First of all, let's clarify some points. Scales are extension of the epidermis, just above the dermis; depending on the kind of reptile, they can be very thin folds of the epidermis (e.g. snake scales), or thickened areas of epidermis (crocodile scales). You can find some good illustrations of these in the part 1 of this ZooPax. Normally (i.e. on humans), tattoos are injected in the dermal layer. This would mean sub-scale tattooing, which can be a problem for snake-like scales. However, if the scales are thick enough, we could get away with simply injecting the ink in the epidermis itself (so the scales) rather than in the dermis. However, things are not quite that simple.

As Tim-B and user3082 mentioned, the biggest issue is that reptiles shed their skin (or moulting, if we go for the technical term) frequently. Each type of reptile moult differently; snakes do it by turning their skin inside out like a sock, most lizards moult in patches, though some do it all in one go. Crocodiles and turtles have a very different kind of scales; they shed them one at a time, but if we can simply tattoo them in the dermis directly, then it is not an issue. So, in either case, the solution would be to tattoo reptiles the same way we tattoo humans, by injecting the ink in the dermis; regardless of how we would do it for snake or lizard scales. Cort Amon mentioned a solution for that involving syringes and dye (though it can also be done with laser technology, it seems).

However, even then, there is still another problem: it's a moot point to tattoo in the dermis if we can't see through the scales!


Solutions can differ greatly whether the scales are transparent or not (or if they even can be), so I'll treat both of those possibilities.

Opaque scales

In that case, tattoos wouldn't be permanent because you would need them to be in the scales themselves rather than under them; you can think of them as an equivalent to our hair dyes. They would last several months (maybe even a year or more depending on the kind of reptile), but would eventually disappear as the skin is shed.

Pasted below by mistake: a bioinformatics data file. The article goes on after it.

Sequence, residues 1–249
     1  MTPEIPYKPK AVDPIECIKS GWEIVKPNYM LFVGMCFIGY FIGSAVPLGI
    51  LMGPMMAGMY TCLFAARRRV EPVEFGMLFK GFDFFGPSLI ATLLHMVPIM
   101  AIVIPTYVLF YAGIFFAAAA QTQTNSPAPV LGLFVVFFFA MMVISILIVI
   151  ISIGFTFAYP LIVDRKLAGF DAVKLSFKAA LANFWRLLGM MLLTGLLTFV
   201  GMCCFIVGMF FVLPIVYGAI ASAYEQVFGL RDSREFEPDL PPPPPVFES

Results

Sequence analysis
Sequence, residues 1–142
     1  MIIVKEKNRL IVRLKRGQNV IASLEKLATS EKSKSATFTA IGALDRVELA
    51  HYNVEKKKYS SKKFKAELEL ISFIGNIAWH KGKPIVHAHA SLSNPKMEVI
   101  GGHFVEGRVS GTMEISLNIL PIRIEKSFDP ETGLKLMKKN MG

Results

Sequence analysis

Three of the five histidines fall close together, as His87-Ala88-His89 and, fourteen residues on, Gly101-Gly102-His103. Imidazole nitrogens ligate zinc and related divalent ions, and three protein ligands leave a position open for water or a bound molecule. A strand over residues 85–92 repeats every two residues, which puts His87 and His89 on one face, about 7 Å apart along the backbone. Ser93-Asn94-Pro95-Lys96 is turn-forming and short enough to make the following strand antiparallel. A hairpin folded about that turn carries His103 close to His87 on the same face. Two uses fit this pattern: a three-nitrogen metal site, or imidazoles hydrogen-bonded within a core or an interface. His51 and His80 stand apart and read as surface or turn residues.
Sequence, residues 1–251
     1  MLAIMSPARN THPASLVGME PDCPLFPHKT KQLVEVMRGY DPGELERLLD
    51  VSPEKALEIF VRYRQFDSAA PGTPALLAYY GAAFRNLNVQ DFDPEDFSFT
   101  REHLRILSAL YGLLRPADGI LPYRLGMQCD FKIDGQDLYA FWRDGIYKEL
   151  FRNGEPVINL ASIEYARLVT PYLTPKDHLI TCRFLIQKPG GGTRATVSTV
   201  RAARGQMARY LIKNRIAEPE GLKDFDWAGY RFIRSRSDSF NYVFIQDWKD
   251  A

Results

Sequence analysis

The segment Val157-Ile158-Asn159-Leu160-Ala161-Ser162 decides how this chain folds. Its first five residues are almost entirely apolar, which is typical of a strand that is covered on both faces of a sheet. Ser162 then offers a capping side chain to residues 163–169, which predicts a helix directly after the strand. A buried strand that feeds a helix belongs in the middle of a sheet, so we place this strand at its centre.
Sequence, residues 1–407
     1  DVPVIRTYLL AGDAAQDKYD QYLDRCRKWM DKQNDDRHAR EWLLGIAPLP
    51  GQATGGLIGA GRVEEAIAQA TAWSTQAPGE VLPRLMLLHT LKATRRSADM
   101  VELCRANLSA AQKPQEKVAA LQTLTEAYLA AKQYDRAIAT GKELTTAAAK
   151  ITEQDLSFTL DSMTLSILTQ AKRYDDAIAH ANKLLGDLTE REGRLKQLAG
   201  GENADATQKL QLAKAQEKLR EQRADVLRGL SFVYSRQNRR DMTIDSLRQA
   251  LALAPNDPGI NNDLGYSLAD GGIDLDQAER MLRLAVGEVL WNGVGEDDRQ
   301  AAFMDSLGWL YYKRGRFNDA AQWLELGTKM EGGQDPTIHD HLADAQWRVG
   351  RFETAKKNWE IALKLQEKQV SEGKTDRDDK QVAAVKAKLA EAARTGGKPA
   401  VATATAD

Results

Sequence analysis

However, Tim B suggested an interesting alternative in his answer, although even more temporary:

I think it's more likely that they would develop things similar to our nail polish and use that to paint their scales in various designs and styles to accomplish a similar purpose to tattoos but in not so permanent a way.

This is actually something that is done nowadays already for marking reptiles in the wildlife (Johnson, M. A. "A new method of temporarily marking lizards." Herpetological Review 36. 2005: 277–279). I could imagine this solution to be less restrictive than tattooing, notably with colours, as bright hues would be more easily achievable. Also, glitters. I don't think I need to say more.

Transparent scales

As Gertlx pointed out, reptile scales are made of keratin, meaning it is possible for scales to be transparent. However, this is still not enough. If the scales are too thick, the tattoo might be hard or even impossible to see through the scales.

To sum it up, then, for a reptile to be tattooed in the strictest sense of the term (i.e. with ink injected in the dermis), and for the tattoo to actually be permanent, you need the reptile to:

  • have transparent scales;
  • the scales need to be thin enough, or very transparent;
  • and in the case of snake-like scales, you need specialized tools.

Speaking of which, let's answer the second part of the question.


Would the tools need to be much different than what we use today?

For crocodile-like scales, the method would be the same as for humans, although the tattoo machine would need to be stronger to be able to poke through the reptile leather. If the tattoo is made manually (e.g. Tebori), this is less of an issue, as the force put in the tool is more easily controlled.

For snake-like scales, it becomes much more complicated. Using the traditional method would probably get unsatisfactory results for reaching the dermis without damaging the scales too much. By using syringes or similar tools, one could inject the ink by going under the scales, but I believe this wouldn't allow a tattoo to be as elaborate as with the other method.

If the intent is simply to tattoo on the scales however, then the tattoo gun would do the job just fine.

And finally:

Would it be possible for a reptile to get a tattoo of a human?

Possible? Definitely. Adeptus mentioned The dragon with the girl tattoo, in which the protagonist, a female dragon, has a tattoo of a human girl; it is considered to be a mythical creature in that world. user3082 talked about another possibility as seen in Demon of undoing, where an alien takes the human race as some kind of role model.

Whether humans exist or not in the universe we're working with, there can always be a plausible explanation as to why one would have a tattoo of a human.

Extra reading content:

Tattooing reptiles has actually been done before and is still in actuality. There is an article about the methods of marking small animals (Ngaio J. Beausoleil, David J. Mellor, Kevin J. Stafford. "Methods for marking New Zealand wildlife." 2004.); tattooing reptiles is described on page 82.

  • 1
    $\begingroup$ keep in mind those tattoos only lasted a few months for most reptiles, with the exception of snakes, which as you mentioned required much more power to puncture scales and only worked of very pale portions of skin.. $\endgroup$ – John Sep 21 '18 at 20:57